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Feds suggest 21-day deadline for Google subpoena

Justice Department says it needs data as quickly as possible, asks judge to set 21-day deadline for the search company to comply.

The U.S. Justice Department has set a suggested deadline for Google to hand over information about its users' search habits: 21 days.

In court documents submitted Thursday to U.S. District Judge James Ware in San Jose, Calif., federal prosecutors said they need a prompt response because of the compressed schedule of the case. They're asking Ware to set a 21-day deadline that would begin as soon as he makes a decision.

"Delay in this court's resolution of the motion to compel would be unwarranted," the three-page brief says.

In January, the Justice Department asked a judge to force Google to hand over a "random sample of 1 million" Web pages from its index, and copies of a week's worth of search terms, to aid in the Bush administration's defense of an Internet pornography law. That information is supposed to be used to highlight flaws in Web-filtering technology during a trial in Philadelphia this fall.

The Justice Department subpoena normally would have been a routine matter, and America Online, Microsoft and Yahoo voluntarily complied with similar requests. But Google's resistance sparked a furor over privacy, with Sen. Patrick Leahy, a Vermont Democrat, asking the Justice Department for details, and a bill announced in the House of Representatives that would require Web sites to delete information about visitors.

A hearing before Ware has been . He could rule on the Justice Department's motion during the hearing or anytime thereafter.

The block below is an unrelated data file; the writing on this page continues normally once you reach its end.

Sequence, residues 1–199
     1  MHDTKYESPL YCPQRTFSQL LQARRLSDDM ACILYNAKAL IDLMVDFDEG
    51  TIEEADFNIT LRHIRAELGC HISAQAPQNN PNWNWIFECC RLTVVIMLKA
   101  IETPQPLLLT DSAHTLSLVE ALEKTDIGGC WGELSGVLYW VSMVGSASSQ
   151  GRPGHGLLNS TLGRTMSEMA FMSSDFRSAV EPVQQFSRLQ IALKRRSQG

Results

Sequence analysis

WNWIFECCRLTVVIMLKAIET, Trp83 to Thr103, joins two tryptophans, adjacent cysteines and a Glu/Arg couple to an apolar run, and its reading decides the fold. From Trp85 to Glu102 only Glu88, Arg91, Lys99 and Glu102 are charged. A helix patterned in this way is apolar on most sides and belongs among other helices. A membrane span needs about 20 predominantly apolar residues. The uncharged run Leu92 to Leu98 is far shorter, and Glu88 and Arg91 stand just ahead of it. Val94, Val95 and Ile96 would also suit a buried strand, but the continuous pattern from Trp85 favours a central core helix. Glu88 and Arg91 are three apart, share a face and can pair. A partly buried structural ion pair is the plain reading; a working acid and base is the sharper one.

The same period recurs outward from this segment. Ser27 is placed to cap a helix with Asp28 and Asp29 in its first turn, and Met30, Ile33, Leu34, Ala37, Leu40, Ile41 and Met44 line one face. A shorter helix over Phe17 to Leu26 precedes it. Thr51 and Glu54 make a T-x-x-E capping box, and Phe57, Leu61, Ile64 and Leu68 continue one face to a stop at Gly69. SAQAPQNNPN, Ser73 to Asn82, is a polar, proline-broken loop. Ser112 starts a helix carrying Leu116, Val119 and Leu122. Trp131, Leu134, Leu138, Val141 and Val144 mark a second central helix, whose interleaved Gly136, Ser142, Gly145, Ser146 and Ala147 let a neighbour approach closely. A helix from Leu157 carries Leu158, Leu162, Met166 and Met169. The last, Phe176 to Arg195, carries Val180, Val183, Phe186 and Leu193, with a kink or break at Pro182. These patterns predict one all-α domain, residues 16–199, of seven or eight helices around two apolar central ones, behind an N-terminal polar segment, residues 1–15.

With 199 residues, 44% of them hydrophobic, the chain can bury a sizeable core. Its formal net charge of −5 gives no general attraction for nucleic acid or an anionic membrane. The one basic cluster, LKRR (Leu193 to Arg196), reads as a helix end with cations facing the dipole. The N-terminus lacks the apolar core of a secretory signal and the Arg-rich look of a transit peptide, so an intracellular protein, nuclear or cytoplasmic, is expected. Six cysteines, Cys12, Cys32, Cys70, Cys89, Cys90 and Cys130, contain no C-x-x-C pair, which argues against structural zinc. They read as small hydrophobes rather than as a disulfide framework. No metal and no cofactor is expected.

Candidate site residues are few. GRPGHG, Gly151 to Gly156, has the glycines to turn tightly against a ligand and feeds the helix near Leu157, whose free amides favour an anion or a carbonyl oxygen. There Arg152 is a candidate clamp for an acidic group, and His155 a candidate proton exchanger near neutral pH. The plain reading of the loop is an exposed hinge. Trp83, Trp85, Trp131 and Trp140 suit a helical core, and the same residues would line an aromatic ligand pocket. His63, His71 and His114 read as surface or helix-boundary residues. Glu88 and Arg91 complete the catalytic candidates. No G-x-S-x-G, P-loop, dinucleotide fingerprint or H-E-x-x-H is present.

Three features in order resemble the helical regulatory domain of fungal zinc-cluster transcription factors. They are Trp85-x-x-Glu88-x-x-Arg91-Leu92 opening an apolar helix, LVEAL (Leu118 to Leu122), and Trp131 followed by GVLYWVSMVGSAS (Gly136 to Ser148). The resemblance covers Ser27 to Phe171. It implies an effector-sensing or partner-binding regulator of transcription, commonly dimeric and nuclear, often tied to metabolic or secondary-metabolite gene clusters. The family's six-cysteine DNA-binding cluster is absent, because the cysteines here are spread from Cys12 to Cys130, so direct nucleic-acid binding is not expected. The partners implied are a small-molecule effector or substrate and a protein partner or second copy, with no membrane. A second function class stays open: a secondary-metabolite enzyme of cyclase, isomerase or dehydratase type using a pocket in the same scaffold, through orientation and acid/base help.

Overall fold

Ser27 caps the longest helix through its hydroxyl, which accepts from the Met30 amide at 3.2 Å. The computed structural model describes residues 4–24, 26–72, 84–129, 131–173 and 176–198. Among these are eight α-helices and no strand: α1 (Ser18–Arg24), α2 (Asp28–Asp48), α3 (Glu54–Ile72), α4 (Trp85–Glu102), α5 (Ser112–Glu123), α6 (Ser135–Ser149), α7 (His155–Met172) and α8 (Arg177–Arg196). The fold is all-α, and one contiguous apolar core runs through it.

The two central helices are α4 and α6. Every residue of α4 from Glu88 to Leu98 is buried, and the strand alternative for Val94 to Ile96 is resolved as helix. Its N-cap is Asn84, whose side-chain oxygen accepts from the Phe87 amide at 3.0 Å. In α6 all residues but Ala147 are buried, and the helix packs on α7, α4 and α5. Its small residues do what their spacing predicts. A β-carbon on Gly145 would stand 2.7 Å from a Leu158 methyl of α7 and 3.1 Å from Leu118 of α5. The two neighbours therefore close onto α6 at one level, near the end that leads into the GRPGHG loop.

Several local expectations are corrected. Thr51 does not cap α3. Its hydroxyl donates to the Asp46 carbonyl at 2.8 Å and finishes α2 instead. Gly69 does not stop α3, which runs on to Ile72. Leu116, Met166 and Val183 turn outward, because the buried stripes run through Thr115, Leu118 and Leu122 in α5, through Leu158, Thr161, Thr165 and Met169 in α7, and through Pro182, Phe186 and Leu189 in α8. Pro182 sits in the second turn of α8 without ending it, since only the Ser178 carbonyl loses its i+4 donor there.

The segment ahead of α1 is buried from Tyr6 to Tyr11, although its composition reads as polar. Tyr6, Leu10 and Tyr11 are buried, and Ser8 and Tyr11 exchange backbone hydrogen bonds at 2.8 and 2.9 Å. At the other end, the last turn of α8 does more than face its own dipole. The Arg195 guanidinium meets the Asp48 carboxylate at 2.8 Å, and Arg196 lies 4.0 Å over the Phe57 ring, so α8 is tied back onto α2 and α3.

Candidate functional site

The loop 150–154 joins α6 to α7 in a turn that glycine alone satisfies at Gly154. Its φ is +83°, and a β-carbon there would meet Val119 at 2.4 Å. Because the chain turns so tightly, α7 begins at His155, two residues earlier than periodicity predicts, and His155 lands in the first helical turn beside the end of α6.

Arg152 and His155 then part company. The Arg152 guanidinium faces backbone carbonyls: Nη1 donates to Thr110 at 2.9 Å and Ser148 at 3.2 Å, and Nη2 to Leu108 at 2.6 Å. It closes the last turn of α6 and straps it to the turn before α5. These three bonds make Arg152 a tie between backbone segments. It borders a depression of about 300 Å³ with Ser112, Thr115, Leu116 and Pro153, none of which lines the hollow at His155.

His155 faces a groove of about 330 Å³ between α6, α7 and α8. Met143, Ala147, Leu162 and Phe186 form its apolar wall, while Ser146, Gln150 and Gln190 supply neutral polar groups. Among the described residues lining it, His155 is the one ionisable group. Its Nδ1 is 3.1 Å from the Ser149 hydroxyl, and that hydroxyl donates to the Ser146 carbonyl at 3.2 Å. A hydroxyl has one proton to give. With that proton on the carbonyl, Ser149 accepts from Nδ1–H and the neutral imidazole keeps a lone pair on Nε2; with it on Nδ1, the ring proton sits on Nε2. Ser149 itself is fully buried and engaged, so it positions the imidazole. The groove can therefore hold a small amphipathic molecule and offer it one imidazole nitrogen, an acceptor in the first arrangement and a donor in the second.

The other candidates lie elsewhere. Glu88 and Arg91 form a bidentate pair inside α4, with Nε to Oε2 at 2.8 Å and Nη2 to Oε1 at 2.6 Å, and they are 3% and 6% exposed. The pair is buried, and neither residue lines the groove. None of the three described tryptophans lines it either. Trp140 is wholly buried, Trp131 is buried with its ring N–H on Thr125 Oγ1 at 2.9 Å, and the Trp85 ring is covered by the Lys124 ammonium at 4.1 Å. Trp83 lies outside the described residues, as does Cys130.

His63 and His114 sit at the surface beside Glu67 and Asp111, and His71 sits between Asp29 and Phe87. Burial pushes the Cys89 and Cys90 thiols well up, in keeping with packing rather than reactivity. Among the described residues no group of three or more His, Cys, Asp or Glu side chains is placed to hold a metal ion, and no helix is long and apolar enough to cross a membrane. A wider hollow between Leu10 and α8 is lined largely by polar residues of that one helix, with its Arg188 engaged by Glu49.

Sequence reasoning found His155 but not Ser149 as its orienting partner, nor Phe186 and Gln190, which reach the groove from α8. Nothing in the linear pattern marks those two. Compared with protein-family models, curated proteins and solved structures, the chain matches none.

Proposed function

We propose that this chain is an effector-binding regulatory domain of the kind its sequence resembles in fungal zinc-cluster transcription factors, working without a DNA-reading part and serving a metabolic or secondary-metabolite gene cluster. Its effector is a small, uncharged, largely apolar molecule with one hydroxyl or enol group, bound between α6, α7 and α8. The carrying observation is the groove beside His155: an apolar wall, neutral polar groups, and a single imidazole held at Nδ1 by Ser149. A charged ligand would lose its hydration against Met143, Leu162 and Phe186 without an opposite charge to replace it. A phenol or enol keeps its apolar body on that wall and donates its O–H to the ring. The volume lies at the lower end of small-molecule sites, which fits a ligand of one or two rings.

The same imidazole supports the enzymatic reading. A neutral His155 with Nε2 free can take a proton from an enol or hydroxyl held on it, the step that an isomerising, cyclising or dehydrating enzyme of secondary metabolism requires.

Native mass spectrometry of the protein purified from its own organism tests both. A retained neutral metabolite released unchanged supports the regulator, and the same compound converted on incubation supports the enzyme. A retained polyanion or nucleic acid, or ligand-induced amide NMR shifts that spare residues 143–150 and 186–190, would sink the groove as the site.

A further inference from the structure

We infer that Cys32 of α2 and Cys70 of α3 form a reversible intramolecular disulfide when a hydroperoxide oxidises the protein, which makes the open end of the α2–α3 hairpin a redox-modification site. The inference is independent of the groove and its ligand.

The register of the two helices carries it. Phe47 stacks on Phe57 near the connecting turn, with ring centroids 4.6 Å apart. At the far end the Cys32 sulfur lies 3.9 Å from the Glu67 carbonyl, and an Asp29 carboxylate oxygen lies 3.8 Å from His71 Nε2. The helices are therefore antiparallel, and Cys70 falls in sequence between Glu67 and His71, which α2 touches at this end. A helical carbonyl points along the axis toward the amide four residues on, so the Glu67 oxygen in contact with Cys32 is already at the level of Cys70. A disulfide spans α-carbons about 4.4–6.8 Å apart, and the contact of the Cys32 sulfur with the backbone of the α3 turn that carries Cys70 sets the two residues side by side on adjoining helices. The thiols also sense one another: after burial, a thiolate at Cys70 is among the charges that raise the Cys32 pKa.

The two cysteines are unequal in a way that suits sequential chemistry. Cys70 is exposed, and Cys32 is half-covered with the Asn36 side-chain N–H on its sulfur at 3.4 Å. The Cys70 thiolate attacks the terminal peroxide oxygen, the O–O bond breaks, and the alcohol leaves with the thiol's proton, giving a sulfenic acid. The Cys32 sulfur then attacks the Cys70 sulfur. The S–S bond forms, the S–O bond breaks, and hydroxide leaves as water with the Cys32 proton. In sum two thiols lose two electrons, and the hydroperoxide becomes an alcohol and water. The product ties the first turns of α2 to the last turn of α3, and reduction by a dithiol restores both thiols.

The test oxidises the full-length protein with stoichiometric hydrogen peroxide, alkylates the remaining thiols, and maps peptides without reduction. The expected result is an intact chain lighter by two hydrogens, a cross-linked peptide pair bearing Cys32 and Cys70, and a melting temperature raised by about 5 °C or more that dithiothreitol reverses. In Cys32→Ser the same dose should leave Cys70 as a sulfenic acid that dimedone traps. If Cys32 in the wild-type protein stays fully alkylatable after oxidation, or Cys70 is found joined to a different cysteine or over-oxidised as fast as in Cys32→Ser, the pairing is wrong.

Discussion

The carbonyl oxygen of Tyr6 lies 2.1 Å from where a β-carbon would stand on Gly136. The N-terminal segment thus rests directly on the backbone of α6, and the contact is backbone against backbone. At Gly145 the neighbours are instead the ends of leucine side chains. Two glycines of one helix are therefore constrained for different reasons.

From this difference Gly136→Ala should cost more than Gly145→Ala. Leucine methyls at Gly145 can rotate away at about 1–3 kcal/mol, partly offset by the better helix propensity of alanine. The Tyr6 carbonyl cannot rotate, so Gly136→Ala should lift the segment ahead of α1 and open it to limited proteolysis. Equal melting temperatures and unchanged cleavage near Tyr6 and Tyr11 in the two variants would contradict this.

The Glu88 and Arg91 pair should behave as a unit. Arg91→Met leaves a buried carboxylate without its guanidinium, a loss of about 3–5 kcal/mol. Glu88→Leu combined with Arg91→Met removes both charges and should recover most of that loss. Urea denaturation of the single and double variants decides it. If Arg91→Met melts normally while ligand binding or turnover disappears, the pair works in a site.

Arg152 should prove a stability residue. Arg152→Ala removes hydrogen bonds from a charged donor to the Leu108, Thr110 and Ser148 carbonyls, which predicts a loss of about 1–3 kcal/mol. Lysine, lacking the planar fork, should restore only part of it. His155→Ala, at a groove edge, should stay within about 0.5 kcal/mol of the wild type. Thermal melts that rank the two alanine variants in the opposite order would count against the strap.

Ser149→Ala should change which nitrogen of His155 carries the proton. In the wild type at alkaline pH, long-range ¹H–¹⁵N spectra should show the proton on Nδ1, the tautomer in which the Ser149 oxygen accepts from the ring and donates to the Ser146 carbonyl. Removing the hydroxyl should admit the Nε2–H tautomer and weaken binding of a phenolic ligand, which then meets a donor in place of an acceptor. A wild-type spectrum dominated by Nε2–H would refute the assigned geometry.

Google objected to the subpoena in a strongly worded brief filed last month by Al Gidari and Lisa Delehunt of the law firm Perkins Coie. It says that complying with the subpoena would be burdensome and violate privacy rights; that it's unnecessary for the government's defense of the Child Online Protection Act (COPA); and that it could even violate the Electronic Communications Privacy Act.

The Philadelphia judge overseeing the COPA case wants expert reports in by May 3, which is why the Justice Department has asked Ware for a speedy schedule. After the Justice Department receives the data, it plans to turn it over to an academic statistician who will analyze the prevalence of pornography on the Internet and in Google searches.

For its part, the Justice Department says that it is seeking "this information only to perform a study, in the aggregate, of trends in the Internet. No individual user of Google, or of any other search engine, need fear that his or her personal identifying information will be disclosed."